For all that he achieved in his life in terms of his public image, Steve Jobs was famously not a public philanthropist, unlike his equally titanic tech rival, Microsoft’s former head Bill Gates.
Gates these days is almost as well known for the ongoing good work of the Gates Foundation as he is his private sector success. Jobs, by contrast, kept gates of secrecy around whatever philanthropic impulses he possessed. His giving track record remains shrouded after his passing from pancreatic cancer on Oct. 5, and while his will could shed some light on that, there’s yet no public knowledge of who has the will, when it will be disclosed, and whether charities will get anything.
Here’s what is certain: The death of Jobs has sparked conversation about the motivations and merits that surround anonymous giving. And for those who either eschew the spotlight or hold to a religious tradition that espouses anonymous donation, giving in secret sounds downright attractive.
“Giving is a very personal way of expressing one’s values,” says Kim Gertsman, associate director of development for the Population Council, an international, nonprofit that conducts biomedical, social science, and public health research. “Someone might donate to help fight a disease that impacts them personally — but they do not wish to publicly disclose that connection. And some wealthy individuals are concerned that recognition will translate into being flooded with requests.”
No doubt that highly public figures can do without any extra attention and entreaties from fundraising figures, or less-than-scrupulous people posing as such, says Jason Franklin, executive director of Bolder Giving, a website that shares stories of people pledging significant percentages of their assets to worthy causes.
Or it may involve a multitude of reasons that center around humility and privacy concerns — that “It’s not about me, it’s about the work,” Franklin says. “There’s also often an attractiveness to anonymity as an implied judgment against donors who seek significant recognition and attention for their giving — a feeling that “I’m better than person X because I don’t need my name on a building.”
In those cases, Franklin often asks givers to reconsider. “I try to point out that being public about your giving can be an act of service in and of itself,” he says. “When your name is attached to your gift, others will take notice — whether it be the world noticing a gift from Bill Gates, or, if you’re less famous, just your circle of friends and family taking notice. In being public, we lend whatever reputation and credibility we carry to the organizations we support, which can help raise their profile and inspire others to join us.”
In other instances, religious doctrine plays a strong role in maintaining anonymity. Jewish teaching and tradition holds that anonymous gifts — in which the donor and the recipient are unknown to each other – are at a higher level than gifts that are identified.
In Christian practice, that belief is stated by Jesus in Matthew 6:3: “But when you give to the needy, do not let your left hand know what your right hand is doing, so that your giving may be in secret.” It comes immediately before Jesus first recites the Lord’s Prayer, considered by many the holiest of Christian prayers.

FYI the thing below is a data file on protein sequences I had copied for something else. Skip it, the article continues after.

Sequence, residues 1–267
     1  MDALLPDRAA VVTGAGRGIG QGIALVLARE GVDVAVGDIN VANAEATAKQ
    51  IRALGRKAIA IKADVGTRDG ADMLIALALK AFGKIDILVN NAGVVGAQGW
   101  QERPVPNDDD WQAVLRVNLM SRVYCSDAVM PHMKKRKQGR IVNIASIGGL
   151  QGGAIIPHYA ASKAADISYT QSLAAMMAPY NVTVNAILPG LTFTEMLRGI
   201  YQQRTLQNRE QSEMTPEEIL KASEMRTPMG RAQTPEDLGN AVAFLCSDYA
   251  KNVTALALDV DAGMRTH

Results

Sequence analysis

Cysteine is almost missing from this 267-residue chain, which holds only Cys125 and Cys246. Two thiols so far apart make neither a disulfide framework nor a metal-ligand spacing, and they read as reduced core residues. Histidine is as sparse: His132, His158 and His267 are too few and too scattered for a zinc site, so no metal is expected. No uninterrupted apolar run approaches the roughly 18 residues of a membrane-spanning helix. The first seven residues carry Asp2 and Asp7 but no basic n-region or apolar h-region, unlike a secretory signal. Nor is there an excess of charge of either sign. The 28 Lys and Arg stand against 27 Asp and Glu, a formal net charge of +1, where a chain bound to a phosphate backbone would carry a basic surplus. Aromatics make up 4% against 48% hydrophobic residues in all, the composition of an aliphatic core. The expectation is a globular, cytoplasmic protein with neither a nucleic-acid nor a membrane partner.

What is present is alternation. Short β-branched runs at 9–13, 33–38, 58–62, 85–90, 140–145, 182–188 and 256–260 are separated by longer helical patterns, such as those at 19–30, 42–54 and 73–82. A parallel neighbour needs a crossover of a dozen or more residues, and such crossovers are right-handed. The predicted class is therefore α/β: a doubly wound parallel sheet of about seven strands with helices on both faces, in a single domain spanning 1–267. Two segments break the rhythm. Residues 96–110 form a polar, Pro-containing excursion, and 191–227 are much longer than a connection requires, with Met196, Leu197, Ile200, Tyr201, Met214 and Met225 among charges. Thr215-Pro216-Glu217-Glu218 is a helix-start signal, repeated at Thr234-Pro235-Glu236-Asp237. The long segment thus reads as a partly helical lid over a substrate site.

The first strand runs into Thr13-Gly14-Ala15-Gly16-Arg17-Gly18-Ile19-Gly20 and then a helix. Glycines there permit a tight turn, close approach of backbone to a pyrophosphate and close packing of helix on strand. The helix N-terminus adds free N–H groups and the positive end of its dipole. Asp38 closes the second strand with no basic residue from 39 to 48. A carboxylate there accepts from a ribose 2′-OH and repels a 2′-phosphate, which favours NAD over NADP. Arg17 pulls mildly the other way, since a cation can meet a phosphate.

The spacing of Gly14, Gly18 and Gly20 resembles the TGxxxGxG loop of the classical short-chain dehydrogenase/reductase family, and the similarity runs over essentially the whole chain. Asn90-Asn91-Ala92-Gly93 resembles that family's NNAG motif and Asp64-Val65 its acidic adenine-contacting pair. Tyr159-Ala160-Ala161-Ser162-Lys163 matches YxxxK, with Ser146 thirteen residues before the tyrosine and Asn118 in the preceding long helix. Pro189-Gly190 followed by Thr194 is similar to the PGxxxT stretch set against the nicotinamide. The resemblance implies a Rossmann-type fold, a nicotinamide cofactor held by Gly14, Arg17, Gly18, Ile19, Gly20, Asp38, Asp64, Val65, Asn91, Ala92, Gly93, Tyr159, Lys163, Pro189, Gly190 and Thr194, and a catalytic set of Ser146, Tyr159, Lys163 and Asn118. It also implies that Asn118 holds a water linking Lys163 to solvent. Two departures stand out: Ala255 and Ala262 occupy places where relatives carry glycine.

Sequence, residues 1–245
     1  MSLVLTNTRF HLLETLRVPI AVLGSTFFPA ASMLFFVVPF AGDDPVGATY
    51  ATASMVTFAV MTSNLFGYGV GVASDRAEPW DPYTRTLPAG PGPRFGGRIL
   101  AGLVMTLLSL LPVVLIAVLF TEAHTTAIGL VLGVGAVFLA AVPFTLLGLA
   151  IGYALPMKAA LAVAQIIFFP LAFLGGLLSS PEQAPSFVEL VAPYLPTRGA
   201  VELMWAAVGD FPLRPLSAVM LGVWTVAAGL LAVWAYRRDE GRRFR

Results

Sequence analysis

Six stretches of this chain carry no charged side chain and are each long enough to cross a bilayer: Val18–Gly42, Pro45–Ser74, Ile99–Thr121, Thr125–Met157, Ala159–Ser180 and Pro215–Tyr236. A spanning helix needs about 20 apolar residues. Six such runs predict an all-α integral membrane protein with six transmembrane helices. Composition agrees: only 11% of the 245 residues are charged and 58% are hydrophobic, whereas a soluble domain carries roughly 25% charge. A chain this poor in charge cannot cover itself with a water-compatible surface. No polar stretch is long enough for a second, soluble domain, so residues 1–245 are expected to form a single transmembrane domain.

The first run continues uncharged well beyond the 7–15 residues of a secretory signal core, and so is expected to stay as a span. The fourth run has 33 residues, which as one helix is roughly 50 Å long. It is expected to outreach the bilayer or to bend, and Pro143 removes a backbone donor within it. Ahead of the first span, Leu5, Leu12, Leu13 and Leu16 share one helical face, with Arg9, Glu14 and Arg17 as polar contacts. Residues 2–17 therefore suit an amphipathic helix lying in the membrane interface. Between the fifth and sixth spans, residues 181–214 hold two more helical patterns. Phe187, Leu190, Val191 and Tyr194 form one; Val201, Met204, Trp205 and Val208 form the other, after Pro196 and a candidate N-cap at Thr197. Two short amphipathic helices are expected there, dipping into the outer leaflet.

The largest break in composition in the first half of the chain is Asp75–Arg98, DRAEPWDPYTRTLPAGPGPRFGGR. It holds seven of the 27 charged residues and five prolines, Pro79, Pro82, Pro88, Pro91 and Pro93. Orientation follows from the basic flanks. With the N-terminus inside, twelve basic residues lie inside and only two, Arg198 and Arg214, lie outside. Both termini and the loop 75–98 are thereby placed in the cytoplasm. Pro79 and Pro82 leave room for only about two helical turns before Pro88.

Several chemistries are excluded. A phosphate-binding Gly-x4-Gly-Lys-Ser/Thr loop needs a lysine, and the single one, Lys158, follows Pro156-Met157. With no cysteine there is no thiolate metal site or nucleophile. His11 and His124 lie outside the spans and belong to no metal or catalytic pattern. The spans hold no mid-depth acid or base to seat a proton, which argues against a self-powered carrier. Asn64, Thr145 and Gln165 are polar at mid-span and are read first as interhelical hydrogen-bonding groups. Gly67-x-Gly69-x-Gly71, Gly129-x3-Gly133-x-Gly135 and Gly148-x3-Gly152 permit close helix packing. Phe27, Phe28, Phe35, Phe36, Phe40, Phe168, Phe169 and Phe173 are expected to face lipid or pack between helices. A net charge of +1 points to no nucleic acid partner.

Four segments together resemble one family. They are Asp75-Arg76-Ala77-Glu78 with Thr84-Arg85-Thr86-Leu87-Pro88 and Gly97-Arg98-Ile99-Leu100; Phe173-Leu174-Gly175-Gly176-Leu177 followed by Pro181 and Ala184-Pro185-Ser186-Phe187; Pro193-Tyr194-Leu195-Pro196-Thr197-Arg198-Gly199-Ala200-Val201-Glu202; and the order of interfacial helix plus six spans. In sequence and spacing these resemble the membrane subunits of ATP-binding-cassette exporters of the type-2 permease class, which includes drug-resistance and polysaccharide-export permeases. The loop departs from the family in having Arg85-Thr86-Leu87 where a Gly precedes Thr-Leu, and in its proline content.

“The way Jesus talks about it is very appropriate for any wealthy celebrity or businesspeople who are actors on the world stage: ‘Don’t make a performance out of doing something for someone else,’ ” says Cathleen Falsani, the web editor and director of new media for Sojourners.net. “If you do it for reasons that are altruistic, then you shouldn’t do it to glorify yourself.”
Falsani covered the charitable efforts of Justin Bieber in her new book “Belieber!: Faith, Fame and The Heart of Justin Bieber” (Worthy). Exploring the nexus of fame and charity in that book, she thinks that for some, the marching orders for anonymity are simple: “Because Jesus said so… You can argue about the meaning of various things Jesus said, but certain things are not debatable. It’s very clear what he’s saying in Matthew 6. There’s no wiggle room.”
As for the financial incentives that cover anonymous giving, experts say that any monetary incentives take a backseat role, if they play one at all. A giver who makes a sizable charitable contribution may choose to write it off — or perhaps not, thus making the paper trail of giving non-existent.
“If he chose to make charitable contributions and not take tax deductions for them, there would be no way the public would know it,” says Simon Singer, principal and founder of The Advisor Consulting Group in Encino, California. “It would not even show up on his income tax return.”
Phil Cubeta, who holds the Sallie B. and William B. Wallace Endowed Chair in Philanthropy at The American College in Bryn Mawr, Pennsylvania, maintains that in the end, the reasons rich givers chose to keep it under wraps may prove as wide, varied and intriguing as the lives they may lead as larger-than-life public persona.
“They may be giving to a controversial cause,” Cubeta says. “As one funder said to me, ‘I like to fly under the radar.’ And others give anonymously when they give a large amount for fear that they will become the target of thieves or even kidnappers.”